increase in commutation margin and in the
angle of overlap and a decreased direct
voltage component in Udl. For the mathematical equation there have been assumed that
the voltage Uc fs stiff without ripple, this
will gives a difference between the calculated value and the result from the EMTP
The voltage Uc will be rather unaffected except for a increase in the ripple content.
This will cause a slight decrease in the acvoltage and current due to a minor deficiency in the control. In a real station
there will be a 6th harmonic filter at the
intermediate dc-stage
A simulation with a step change of - 2 0 8 is
giving a similar result.

As presented in the paper tapping stations

connected in series in the dc-circuit with a
voltage-source converter feeding the local
ac-network will offer an interesting solution when the rated power of the tapping
station is only a few percent of the rated
power of the HVDC system. However, the cost
for such stations is still expected to be
fairly high and comparable to the costs for
local generation of power. The most expensive individual item is expected to be the
costs for the transformer for the conversion
of power from high potential to ground. A
solution with conversion in two steps is
presented, which will make it possible to
use only one single phase transformer.
EMTP simulations have shown that the proposed circuit can be expected to offer good
dynamic properties.
1. Ekstrom, A . , "Forced commutated converter
for HVDC applications", EECPS, Capri, May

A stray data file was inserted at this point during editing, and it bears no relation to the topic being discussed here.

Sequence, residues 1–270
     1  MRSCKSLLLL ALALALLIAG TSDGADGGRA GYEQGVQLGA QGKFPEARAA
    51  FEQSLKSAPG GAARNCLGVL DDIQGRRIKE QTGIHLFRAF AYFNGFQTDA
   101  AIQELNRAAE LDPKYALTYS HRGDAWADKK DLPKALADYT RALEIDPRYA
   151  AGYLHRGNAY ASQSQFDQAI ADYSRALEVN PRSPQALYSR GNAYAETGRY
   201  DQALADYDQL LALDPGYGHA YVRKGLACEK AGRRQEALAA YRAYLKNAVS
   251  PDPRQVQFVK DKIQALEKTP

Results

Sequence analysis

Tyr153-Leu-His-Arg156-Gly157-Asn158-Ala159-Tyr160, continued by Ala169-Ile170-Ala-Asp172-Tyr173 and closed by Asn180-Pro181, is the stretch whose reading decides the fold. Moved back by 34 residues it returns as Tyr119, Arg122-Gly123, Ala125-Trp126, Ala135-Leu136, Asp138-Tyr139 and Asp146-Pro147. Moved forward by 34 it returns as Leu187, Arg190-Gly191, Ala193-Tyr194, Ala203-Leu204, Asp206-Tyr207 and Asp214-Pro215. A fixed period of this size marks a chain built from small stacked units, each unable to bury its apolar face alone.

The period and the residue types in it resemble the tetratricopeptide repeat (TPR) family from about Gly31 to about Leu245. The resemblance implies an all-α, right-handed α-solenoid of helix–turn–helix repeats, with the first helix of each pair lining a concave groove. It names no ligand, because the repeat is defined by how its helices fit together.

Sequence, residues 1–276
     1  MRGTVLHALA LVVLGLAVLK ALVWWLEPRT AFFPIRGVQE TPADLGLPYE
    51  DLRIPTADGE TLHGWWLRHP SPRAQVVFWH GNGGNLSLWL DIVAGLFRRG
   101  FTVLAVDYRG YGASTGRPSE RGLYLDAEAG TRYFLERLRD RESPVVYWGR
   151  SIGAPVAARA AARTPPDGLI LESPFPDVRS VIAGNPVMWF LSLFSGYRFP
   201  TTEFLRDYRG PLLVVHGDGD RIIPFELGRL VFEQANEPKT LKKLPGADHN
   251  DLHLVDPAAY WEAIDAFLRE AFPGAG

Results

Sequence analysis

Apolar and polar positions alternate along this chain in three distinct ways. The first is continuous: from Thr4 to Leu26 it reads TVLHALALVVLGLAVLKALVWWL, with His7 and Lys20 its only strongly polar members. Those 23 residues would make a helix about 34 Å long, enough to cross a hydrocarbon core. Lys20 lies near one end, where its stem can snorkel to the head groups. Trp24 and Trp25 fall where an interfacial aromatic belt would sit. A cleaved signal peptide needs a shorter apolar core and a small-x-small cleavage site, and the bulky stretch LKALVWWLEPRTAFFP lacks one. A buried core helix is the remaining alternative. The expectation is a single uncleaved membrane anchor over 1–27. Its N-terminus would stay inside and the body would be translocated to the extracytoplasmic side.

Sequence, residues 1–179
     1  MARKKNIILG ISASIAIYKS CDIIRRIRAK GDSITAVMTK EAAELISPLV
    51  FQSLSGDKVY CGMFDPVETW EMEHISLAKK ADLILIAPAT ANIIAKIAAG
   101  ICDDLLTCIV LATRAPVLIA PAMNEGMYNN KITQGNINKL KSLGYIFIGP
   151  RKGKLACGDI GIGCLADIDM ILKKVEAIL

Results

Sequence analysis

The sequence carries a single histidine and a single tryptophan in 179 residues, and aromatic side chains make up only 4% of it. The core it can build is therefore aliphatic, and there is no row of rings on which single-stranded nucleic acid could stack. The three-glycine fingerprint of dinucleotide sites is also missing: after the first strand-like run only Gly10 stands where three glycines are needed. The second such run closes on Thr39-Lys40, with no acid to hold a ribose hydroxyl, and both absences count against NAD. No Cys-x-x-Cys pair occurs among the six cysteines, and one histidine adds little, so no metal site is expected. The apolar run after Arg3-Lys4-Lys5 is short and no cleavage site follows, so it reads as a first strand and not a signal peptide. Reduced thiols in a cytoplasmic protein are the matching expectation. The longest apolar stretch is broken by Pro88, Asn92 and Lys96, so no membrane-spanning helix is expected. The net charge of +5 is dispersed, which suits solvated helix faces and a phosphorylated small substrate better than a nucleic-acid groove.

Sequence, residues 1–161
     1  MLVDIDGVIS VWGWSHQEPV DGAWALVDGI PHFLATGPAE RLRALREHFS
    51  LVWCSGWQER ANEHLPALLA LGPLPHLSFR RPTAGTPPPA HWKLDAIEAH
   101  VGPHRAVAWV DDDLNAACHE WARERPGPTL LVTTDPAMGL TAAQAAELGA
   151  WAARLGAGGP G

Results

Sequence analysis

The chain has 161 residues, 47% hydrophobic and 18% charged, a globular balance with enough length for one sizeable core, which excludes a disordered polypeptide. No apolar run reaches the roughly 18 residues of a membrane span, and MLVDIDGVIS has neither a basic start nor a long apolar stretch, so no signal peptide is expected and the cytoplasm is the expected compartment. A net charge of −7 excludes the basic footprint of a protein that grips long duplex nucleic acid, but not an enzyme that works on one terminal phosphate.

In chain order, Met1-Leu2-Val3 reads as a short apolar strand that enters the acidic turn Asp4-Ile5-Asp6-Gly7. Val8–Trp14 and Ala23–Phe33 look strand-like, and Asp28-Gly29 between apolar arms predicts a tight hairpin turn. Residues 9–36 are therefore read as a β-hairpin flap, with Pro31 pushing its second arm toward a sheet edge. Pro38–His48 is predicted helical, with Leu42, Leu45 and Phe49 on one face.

The presented study is part of a research
project supported by Vattenfall (Swedish
State Power Board) and ABB Power Systems AB,
Sweden, which is gratefully acknowledged.

Steu load chancre in the local ac-network.

The network impedance is divided into three
different parts to make it possible to make
a load change of f 2 O %. The data for the impedances
Z1= 249.5

j.144.0 [R]

49.9 t j.28.8 [Q]

Z3= 166.4

j.96.0 [R]

The initial value of the impedance is obtained by parallel connection of Z and Z ,

Z //Z2= 41.6 + j.24.0 [a]. The loa& rise sf
t?!O % is obtained by connection of the three
impedance Z //Z / / Z - 33.3 t j.19.2 [Q] and
In figure 7 the
- 2 0 % is oktaised %y
case with a step change %f the impedance of
to 8 0 % of the initial value is shown. As
shown in figure 7d the step change in the
impedance gives a corresponding step change
in the ac-current as expected.


Series tapping


q, Generator


Figure 1 Series and parallel tapping


Station B

Station A

Figure 2 DC transmission line with a series tapping.

Figure 3 The waveshape of the voltage Uvg.



Figure 5 Control system for the tapping station.

Figure 4 The waveshape of the voltages Uv2

and Udl.


Figure 7 Step load increase

a. Voltage across series connected
converter Udl
b. Intermediate voltage U
c. Phase voltage in the &a1
d. Line current in the local
e. Instantaneous three-phase power


_ _ ,I_ - _ II_ _ _I,- _ _I/_ _ _I, _ _ I_, _ - ,_, _ _,,_ _ _,,_ _ _ _ _ _







l l . 0 0








Figure 6 Current step in the main dc-line

a. Dc-line current Idl
b. Voltage across series connected
converter Udl
c. Intermediate voltage Uc
d. Phase voltage in the local
e. Instantaneous three-phase power

a. *.--




I "